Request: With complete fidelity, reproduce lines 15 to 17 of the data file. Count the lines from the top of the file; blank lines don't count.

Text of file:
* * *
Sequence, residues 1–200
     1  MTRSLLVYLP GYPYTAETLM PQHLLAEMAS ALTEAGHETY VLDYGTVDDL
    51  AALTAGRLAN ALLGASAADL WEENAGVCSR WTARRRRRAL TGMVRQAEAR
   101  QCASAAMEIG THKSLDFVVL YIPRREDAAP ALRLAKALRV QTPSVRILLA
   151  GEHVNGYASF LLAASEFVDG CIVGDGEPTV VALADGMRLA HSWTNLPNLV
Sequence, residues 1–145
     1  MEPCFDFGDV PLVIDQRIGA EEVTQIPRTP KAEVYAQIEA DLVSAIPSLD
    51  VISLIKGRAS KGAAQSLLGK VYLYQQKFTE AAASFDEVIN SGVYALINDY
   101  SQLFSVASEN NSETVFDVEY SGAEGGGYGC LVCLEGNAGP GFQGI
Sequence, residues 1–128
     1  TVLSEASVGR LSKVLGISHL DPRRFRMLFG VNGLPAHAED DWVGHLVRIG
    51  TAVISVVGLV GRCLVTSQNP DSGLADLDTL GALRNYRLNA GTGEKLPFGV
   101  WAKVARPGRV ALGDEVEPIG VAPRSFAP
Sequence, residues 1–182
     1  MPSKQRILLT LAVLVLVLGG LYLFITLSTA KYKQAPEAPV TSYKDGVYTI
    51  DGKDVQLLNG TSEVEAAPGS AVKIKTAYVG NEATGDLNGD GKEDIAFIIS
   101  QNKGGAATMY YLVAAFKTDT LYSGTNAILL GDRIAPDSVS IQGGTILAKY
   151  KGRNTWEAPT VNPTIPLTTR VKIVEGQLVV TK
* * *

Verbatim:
     1  MPSKQRILLT LAVLVLVLGG LYLFITLSTA KYKQAPEAPV TSYKDGVYTI
    51  DGKDVQLLNG TSEVEAAPGS AVKIKTAYVG NEATGDLNGD GKEDIAFIIS
   101  QNKGGAATMY YLVAAFKTDT LYSGTNAILL GDRIAPDSVS IQGGTILAKY